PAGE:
• Testimony from loved ones and others familiar with the nature of your condition and how it affects your life
  • Therapy notes

Insurance companies seek reasons to justify offering low settlements. Anything you say that suggests your pain and suffering aren’t that severe could harm your case if it gets back to an insurance adjuster. Even a social media post showing you enjoying physical activity could give an insurer reason to argue your pain isn’t severe and that you deserve less compensation. Along with gathering evidence of pain and suffering in the aftermath of an accident, refrain from making any statements or social media posts that could downplay your pain.

Are Pain and Suffering Damages Always Available?

How Pain and Suffering Damages Are Calculated in Illinois

An injured party doesn’t always have the right to receive compensation for pain and suffering. For instance, if you’re an employee and sustained work-related injuries, you can file a claim for workers’ compensation benefits.

You don’t have to provide evidence that your injuries resulted from negligence when seeking workers’ compensation benefits. As long as your injuries arose out of your work for your employer while you were working, you could be eligible for workers’ comp.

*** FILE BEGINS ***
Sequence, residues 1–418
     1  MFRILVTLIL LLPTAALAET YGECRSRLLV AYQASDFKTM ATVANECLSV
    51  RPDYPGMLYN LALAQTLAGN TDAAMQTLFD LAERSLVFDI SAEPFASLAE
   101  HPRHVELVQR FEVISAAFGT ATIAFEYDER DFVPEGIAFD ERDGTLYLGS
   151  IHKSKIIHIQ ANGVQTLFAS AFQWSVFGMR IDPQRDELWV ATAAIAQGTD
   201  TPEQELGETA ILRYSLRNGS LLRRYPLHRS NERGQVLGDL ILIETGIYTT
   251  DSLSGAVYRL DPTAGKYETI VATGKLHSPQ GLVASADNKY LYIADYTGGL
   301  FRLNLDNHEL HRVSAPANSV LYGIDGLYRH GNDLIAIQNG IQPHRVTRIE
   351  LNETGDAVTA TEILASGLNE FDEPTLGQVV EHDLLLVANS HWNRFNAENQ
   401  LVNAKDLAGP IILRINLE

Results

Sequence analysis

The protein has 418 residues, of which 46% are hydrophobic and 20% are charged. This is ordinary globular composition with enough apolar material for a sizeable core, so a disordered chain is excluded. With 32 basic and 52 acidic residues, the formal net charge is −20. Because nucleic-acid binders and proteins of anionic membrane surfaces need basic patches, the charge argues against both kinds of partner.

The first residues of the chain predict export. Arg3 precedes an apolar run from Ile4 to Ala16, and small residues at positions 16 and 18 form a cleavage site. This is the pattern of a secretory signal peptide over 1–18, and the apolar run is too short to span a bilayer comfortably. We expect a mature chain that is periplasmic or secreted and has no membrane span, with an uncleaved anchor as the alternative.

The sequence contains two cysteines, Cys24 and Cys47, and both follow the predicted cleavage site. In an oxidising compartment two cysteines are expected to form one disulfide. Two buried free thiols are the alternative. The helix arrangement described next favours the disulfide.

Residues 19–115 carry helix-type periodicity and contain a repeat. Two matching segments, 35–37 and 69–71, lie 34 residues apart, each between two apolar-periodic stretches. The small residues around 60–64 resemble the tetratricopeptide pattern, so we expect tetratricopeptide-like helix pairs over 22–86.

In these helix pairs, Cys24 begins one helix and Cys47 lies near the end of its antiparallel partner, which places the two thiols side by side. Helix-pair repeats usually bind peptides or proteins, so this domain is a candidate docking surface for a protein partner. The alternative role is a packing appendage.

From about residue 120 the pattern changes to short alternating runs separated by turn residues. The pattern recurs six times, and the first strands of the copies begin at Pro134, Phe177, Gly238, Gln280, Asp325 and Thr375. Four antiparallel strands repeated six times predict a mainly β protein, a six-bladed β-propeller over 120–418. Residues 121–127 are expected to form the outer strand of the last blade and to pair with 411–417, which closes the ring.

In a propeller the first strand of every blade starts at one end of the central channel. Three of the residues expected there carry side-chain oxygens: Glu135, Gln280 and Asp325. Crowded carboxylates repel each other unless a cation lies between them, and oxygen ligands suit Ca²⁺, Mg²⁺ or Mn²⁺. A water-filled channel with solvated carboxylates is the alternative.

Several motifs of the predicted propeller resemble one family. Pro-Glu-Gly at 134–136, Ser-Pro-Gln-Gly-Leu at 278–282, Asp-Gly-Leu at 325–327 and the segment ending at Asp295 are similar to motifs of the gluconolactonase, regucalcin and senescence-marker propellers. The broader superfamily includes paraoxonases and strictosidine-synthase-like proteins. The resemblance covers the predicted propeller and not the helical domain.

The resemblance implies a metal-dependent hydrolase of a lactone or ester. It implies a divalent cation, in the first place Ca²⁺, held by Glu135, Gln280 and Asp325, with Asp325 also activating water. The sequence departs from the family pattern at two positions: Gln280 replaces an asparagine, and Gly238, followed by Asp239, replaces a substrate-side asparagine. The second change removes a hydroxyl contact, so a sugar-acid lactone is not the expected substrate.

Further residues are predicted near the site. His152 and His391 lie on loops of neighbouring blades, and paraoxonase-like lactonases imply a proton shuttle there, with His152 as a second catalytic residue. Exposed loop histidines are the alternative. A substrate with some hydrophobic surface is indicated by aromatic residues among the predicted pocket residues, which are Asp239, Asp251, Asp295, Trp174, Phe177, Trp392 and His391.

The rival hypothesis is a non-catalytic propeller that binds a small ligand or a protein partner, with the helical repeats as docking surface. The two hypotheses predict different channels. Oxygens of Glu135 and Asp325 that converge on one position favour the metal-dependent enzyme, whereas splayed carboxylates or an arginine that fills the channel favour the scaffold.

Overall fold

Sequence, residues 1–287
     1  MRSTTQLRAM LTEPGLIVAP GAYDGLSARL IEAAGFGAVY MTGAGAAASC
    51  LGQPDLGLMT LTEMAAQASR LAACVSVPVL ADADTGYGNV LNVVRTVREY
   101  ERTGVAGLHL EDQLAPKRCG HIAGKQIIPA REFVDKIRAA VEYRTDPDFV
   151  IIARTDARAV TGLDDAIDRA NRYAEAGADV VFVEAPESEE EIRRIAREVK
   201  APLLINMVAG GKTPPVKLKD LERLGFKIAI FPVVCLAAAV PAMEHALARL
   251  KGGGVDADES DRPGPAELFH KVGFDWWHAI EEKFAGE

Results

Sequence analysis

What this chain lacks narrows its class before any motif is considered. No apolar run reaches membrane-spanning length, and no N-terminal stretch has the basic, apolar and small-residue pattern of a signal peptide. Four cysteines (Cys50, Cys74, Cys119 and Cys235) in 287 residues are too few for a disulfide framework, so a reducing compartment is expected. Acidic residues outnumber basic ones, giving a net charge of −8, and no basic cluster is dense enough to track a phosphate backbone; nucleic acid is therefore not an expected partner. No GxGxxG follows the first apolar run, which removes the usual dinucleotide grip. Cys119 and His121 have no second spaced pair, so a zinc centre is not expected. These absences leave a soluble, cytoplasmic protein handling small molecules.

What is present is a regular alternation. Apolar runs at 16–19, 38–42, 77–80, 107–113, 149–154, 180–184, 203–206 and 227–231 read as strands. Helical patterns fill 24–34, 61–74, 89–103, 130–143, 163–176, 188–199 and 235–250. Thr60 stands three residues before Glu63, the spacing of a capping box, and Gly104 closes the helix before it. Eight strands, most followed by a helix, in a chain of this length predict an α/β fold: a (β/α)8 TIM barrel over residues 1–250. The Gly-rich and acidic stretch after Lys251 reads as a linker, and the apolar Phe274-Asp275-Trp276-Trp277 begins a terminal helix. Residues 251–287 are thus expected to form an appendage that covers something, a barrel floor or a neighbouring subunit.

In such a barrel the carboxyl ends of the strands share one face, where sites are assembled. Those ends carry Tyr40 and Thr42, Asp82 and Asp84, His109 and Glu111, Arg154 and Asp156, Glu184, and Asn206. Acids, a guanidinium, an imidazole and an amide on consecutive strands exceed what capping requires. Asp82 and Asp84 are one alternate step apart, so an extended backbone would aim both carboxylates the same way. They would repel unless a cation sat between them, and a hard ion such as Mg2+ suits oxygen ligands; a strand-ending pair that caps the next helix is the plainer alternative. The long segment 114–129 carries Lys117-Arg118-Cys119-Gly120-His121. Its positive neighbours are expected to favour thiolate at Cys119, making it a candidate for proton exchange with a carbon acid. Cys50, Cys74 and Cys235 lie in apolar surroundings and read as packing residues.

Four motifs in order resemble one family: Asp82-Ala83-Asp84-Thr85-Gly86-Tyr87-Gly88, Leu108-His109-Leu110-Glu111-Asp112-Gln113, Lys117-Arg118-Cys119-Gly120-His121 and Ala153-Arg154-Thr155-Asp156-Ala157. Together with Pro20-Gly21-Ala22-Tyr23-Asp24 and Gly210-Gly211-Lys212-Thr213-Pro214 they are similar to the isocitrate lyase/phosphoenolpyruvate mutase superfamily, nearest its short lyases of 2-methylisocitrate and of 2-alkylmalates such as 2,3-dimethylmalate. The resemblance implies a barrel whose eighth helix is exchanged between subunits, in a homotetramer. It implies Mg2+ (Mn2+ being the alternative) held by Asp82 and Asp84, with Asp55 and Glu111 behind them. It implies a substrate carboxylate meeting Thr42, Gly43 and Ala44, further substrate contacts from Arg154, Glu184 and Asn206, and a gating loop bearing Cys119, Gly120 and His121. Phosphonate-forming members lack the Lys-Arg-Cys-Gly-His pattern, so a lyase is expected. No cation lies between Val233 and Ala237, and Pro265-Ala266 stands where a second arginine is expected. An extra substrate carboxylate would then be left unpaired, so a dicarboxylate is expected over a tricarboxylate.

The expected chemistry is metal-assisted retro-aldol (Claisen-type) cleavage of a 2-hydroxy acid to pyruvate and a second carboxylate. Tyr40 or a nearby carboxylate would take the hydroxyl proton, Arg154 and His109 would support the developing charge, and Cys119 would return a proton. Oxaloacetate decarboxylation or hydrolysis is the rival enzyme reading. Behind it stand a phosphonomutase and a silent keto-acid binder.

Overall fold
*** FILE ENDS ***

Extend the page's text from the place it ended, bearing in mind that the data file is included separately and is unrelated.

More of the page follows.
According to the Illinois Workers’ Compensation Commission, workers’ comp covers relevant economic losses, like medical bills. It doesn’t cover non-economic losses like pain and suffering.

That’s just one example of an injury case in which pain and suffering compensation might be unavailable. If you’re not sure whether you’re eligible for this type of compensation, review your case with an attorney. A legal professional can provide information about compensation that insurance companies won’t freely offer.

Contact an Illinois Personal Injury Attorney

Calculating pain and suffering damages is a complex task. Luckily, it’s not one you need to handle yourself.

Our Illinois personal injury attorneys at JJ Legal can handle this task for you. If you hire us, we’ll pursue the full amount of compensation you’re entitled to. Get started today by contacting us online or calling us at 312-200-2000 for a free case review.